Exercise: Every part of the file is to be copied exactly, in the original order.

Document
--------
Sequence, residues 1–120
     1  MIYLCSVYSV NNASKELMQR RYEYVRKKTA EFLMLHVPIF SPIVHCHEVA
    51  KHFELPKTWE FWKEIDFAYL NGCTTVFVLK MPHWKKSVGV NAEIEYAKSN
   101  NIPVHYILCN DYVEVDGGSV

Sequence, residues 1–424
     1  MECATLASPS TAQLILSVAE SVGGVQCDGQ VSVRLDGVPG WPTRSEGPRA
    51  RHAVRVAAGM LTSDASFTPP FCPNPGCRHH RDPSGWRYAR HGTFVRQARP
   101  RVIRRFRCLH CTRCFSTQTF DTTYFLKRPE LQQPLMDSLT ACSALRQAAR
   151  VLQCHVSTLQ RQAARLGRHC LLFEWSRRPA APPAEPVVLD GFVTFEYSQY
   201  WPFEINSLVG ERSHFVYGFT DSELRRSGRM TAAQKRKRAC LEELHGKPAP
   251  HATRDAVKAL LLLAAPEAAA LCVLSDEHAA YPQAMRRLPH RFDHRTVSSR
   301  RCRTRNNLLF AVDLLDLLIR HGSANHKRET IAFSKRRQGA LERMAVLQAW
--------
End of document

Sequence, residues 1–120
     1  MIYLCSVYSV NNASKELMQR RYEYVRKKTA EFLMLHVPIF SPIVHCHEVA
    51  KHFELPKTWE FWKEIDFAYL NGCTTVFVLK MPHWKKSVGV NAEIEYAKSN
   101  NIPVHYILCN DYVEVDGGSV

Sequence, residues 1–424
     1  MECATLASPS TAQLILSVAE SVGGVQCDGQ VSVRLDGVPG WPTRSEGPRA
    51  RHAVRVAAGM LTSDASFTPP FCPNPGCRHH RDPSGWRYAR HGTFVRQARP
   101  RVIRRFRCLH CTRCFSTQTF DTTYFLKRPE LQQPLMDSLT ACSALRQAAR
   151  VLQCHVSTLQ RQAARLGRHC LLFEWSRRPA APPAEPVVLD GFVTFEYSQY
   201  WPFEINSLVG ERSHFVYGFT DSELRRSGRM TAAQKRKRAC LEELHGKPAP
   251  HATRDAVKAL LLLAAPEAAA LCVLSDEHAA YPQAMRRLPH RFDHRTVSSR
   301  RCRTRNNLLF AVDLLDLLIR HGSANHKRET IAFSKRRQGA LERMAVLQAW